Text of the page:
After the bombing that destroyed the building on Calea Victoriei, the theater continued its activity in other nearby halls named Comedia (Majestic), Studio in Amzei Square, festivity halls of high schools Sfântul Sava and Matei Basarab, and the Military Circle (“Cercul Militar”) building. 

The hat-shaped form of the building, which reminded many of "Caragiale's hat", was the reason why the former communist dictator Nicolae Ceausescu requested the remodeling of the building in 1978, after the fire that destroyed the great hall. His demand for a classical form, forced architects to design a shell to cover the hat. Once the new changes followed, a new hall was built: the Amfiteatru Hall.

After the Revolution, many voices called for the return to its original form. And the idea came in 2002 after a seismic study showed that the structure of resistance was weakened by the "housing" added by Ceausescu. The theater needed consolidation.

And so, the National Theater in Bucharest was once again revamped and consolidated starting 2011. Following these works, TNB’s façade returned to its original form – the one before the remodeling works of the communist era - and the number of halls increased to seven, including an open-air hall. Furthermore, the Great Hall regained its original form, with the official lodge ordered by Nicolae Ceauşescu being removed from the plan.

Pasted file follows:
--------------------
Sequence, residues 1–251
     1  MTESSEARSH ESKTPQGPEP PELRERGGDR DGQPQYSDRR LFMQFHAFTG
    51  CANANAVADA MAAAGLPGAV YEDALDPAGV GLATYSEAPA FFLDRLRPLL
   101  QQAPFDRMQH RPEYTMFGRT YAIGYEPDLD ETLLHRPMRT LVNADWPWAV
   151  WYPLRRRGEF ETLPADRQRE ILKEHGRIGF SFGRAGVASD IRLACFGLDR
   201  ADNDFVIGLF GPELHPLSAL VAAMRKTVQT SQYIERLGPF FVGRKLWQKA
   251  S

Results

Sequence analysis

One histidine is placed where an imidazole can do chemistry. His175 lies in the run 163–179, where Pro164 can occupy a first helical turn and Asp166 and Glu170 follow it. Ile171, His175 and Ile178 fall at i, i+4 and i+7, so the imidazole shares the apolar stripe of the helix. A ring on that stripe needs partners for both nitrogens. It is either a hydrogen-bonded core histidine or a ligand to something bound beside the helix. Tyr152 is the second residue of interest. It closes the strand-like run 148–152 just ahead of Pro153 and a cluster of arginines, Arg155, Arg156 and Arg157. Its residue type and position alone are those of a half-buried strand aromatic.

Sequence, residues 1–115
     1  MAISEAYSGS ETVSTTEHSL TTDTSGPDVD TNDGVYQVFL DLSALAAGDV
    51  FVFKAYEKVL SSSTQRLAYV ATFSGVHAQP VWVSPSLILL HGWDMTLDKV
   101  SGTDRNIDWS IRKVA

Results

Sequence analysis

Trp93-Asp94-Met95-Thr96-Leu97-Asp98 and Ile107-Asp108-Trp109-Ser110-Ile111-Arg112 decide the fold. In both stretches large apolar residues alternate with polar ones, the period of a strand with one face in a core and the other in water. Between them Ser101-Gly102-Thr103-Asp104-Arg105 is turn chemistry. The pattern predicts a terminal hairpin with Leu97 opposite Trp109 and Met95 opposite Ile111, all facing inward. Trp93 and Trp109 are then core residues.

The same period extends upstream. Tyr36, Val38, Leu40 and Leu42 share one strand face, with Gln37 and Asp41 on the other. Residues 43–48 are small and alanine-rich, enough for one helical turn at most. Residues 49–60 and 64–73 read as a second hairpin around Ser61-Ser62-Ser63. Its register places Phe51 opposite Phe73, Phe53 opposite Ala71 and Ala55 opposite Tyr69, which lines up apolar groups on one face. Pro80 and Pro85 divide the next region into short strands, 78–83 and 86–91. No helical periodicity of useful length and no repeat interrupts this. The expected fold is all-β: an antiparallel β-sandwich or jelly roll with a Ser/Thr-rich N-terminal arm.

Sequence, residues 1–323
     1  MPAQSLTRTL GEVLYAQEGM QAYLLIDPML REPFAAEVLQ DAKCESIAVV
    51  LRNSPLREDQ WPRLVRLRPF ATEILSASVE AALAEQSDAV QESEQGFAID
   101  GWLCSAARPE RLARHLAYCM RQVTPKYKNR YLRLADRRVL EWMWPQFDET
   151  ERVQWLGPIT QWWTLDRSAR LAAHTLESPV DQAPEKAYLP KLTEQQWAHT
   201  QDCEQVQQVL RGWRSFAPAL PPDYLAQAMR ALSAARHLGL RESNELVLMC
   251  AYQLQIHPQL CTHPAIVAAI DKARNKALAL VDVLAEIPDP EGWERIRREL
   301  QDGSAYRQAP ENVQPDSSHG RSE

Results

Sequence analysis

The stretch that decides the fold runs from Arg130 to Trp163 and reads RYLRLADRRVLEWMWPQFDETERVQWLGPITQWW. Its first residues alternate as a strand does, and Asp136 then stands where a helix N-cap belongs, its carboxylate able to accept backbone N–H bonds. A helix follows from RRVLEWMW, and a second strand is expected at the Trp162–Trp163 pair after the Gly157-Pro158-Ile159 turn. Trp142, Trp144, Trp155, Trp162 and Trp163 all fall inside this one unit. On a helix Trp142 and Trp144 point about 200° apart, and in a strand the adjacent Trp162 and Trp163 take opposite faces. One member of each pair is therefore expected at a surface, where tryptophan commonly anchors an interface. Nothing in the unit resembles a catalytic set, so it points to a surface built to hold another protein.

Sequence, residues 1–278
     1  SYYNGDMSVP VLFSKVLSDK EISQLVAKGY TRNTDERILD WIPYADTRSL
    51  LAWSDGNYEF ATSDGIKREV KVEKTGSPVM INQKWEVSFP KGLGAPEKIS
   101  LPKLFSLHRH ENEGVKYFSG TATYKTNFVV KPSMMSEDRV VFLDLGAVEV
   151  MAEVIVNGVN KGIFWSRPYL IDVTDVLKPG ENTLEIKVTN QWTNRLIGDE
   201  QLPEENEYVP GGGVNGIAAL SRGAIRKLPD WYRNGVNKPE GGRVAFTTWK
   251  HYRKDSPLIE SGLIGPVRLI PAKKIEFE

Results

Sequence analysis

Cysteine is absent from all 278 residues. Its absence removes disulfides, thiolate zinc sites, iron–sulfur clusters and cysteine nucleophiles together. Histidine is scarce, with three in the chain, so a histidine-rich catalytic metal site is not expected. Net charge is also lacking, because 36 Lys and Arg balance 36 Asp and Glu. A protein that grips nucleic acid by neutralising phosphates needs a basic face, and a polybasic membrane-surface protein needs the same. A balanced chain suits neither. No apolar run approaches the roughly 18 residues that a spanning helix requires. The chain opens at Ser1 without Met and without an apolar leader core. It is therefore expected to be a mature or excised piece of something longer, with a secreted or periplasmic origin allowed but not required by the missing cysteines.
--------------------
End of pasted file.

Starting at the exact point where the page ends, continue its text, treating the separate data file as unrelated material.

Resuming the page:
The new National Theater was inaugurated in November 2014 and the first show was staged a few months later in April 2015.

The National Theater has been and will remain a true cultural symbol of national importance, a cultural institution that has helped form many generations of actors over the years.

The theater has an open-air amphitheater on the rooftop and is open for the public from May to September. The venue hosts a variety of performances, from theater and dance to jazz, rock or folk concerts, film screenings or meetings with artists.

Also, the National Theater organizes guided tours inside the theater through the new spaces, the tickets can be found both online and at the Ticket Agency, in the hall of the Great Hall.

The I.L. Caragiale National Theater is located in the center of Bucharest, in Universitate Square, a short walk from Hotel Cismigiu. The nearest subway station is Universităţii Square, and the buses that have nearby stations are 137. 336. 601. 381. The express bus 783 also stops in Universităţii Square.

This is native content supported by Hotel Cismigiu.